Corbynmania is the word of the week. It’s hardly surprising; compared to Andy Burnham and Yvette Cooper, who seem dedicated to speaking in cliché and, in the case of Burnham, rather prone to flip-flopping, Corbyn has an ability rare among politicians: to speak like a real human being. The only other big-shot British politicians who are able to sound like they actually mean what they say and speak a language other than politicianese are Nicola Sturgeon and Nigel Farage, and the landslide victory in Scotland for the SNP as well as the UKIP surge to almost 4 million votes proves that speaking human is a real vote winner. At the beginning of the Labour leadership election the bookies had Corbyn at 100/1, today he is the favourite with odds slightly under evens.
What’s a Blairite to do? The fatal mistake that the Blairite wing of the party made was putting all their eggs into the basket of Chuka Umunna. By failing to have a Plan B (likely in the form of Tristram Hunt), they were saddled with Liz Kendall, a candidate nobody wanted but who was lucky enough to throw her name in the hat while the Blairites were preparing to rally behind Umunna. She’s been such a spectacular failure that those on the centre of the Party have all but abandoned her in favour of Yvette Cooper, with some even suggesting that Kendall ought to drop out of the race to give Cooper a better chance (not that this makes any sense – the AV system that the Labour leadership uses means that Kendall cannot steal votes from Cooper).
When Umunna announced that he was withdrawing his bid for leadership, it put the Blairites in a rather sticky situation – some opted to support Kendall, whereas others realised that she could not win and instead flocked to Cooper, or, in fewer cases, Burnham. Plan A has failed, and it seems that because there was no Plan B, many have resorted to plan ABC – Anyone But Corbyn. I’d like to offer an alternative to the Labour faction of the party: rally behind the hard-left candidate.
Two weeks after the election, the Guardian published an editorial arguing that Labour should not elect a new leader in the immediate aftermath of the election, instead urging them to appoint Alan Johnson as an interim leader and take some time to reflect upon the reasons we lost the election. This was an idea that didn’t get picked up much by Labour, but it was a good one. Not only would it have allowed Labour to have time to reflect, but it also would have given potential leaders time to shine in opposition, and allowed candidates with fairly little experience (read: Keir Starmer) to prepare for a possible leadership bid. Voting for Corbyn could be a way of voting for the option of an interim leader; a ‘none of the above’ candidate. Jeremy Corbyn entered this race with no intention of becoming Labour leader, he is ill-prepared for the actual responsibilities of leadership and it is unlikely that he wants the job. By the time of the election, he’d be 71, and if he became Prime Minister, the earliest realistic opportunity he would have to step down would be the time he was 75, making him the oldest post-war Prime Minister.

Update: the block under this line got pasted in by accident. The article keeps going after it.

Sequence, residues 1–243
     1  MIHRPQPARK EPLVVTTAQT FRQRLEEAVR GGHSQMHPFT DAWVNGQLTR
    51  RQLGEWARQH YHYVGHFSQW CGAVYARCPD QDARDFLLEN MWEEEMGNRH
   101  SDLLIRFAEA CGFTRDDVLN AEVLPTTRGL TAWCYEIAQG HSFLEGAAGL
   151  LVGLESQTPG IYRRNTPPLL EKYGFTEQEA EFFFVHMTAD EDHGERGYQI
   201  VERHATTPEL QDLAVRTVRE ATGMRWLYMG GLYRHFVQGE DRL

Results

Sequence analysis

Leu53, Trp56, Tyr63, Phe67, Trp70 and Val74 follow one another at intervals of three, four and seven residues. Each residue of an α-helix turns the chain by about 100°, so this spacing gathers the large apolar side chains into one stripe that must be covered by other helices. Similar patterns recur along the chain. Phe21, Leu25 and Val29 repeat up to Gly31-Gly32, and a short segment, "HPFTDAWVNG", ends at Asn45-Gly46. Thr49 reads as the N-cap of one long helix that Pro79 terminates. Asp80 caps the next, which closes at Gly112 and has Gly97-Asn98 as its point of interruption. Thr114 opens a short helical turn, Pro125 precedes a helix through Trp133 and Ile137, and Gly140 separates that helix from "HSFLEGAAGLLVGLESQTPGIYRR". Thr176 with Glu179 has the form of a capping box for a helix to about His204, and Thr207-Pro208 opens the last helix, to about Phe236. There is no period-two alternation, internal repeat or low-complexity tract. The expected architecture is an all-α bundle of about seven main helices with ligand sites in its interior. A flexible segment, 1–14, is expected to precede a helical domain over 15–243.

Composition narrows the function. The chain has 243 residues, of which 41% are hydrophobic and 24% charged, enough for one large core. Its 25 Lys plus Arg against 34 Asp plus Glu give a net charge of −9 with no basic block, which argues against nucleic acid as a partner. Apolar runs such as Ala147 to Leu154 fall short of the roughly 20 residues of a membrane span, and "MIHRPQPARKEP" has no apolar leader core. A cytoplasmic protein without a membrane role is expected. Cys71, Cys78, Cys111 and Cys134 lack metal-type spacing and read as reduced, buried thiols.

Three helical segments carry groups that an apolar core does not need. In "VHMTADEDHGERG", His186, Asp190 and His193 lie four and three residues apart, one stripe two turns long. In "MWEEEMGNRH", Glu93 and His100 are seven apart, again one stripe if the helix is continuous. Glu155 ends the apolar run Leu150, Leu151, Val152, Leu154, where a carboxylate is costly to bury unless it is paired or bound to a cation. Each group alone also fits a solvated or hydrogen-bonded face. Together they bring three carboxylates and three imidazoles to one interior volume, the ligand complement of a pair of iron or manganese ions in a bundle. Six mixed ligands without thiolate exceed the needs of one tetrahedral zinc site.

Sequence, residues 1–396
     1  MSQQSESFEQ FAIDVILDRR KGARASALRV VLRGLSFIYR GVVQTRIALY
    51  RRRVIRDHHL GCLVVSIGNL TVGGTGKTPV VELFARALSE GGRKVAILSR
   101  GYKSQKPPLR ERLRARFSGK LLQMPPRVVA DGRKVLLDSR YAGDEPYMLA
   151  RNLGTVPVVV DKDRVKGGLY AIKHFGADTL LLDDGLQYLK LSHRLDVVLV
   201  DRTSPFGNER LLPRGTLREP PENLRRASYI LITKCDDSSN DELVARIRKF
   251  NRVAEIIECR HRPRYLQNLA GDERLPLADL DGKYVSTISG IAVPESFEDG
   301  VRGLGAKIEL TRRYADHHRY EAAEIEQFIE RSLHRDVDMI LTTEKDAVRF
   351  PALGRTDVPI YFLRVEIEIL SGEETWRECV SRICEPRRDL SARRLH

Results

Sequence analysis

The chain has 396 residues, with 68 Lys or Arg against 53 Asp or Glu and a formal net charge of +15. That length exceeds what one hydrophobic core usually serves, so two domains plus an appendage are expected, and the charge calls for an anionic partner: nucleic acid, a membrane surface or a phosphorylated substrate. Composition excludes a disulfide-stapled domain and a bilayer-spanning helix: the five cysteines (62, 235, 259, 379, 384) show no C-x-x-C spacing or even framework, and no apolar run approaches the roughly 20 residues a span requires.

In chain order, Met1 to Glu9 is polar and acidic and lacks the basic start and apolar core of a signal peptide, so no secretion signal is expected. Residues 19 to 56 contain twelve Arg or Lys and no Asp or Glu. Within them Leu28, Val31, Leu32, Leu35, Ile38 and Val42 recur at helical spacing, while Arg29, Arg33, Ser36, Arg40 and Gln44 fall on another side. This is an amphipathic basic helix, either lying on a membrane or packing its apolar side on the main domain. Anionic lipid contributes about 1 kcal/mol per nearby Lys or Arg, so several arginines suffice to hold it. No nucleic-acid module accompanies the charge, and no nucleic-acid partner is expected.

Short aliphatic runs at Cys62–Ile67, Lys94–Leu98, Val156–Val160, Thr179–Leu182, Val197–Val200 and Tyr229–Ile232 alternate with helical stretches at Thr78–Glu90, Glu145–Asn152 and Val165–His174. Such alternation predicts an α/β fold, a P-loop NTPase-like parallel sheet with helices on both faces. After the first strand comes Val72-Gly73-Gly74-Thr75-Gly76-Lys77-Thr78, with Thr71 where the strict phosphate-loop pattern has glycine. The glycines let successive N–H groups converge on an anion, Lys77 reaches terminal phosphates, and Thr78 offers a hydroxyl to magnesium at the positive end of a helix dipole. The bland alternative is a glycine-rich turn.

It is nigh-on impossible that Corbyn would still be leader in 2020. It’s very likely that he’d voluntarily step down: he never planned on becoming Labour leader (like the MPs who nominated him, his plan was to drag the debate to the left rather than to actually lead the Labour Party), he has never particularly wanted to be high-up in government, and he has expressed support for the idea that there should be labour leadership elections more often than every election. Even if he did fancy a pop at PM in 2020, a Blairite coup from within the Parliamentary Labour Party is almost inevitable – if the polls showed that Corbyn was on course to take a thrashing it’s unlikely that MPs who have served under Miliband would not take the initiative and dispose of him. This would mean a re-run of the election with decent candidates. There are many who could stand and would have a decent chance of winning the election – Tristram Hunt, Dan Jarvis, Keir Starmer, it’s even possible that David Miliband could be parachuted in for a by-election and could take the helm.
Even if the worst did happen and Corbyn took Labour into the 2020 election, if he loses the hard-left of the party can no longer make the argument that Labour would have won the election if they had gone further to the left, and the choice after the election would be between candidates who had a shot at winning an election who were far better than the candidates we’ve been presented with at the moment. If, by some miracle, Corbyn wins, I think most people in the Labour Party, even those who occupy its centre, would be content to see a Labour government.
Although it goes against the instincts of those on the pragmatic centre-left of the Labour Party, the sensible choice in this leadership election is to vote for Corbyn. The polls have shown that although Corbyn is very unlikely to win the election in 2020, the other candidates are just as hopeless – at least Corbyn excites and inspires. There are plenty of talents centre-left MPs, and a vote for Corbyn is a vote to give them a chance.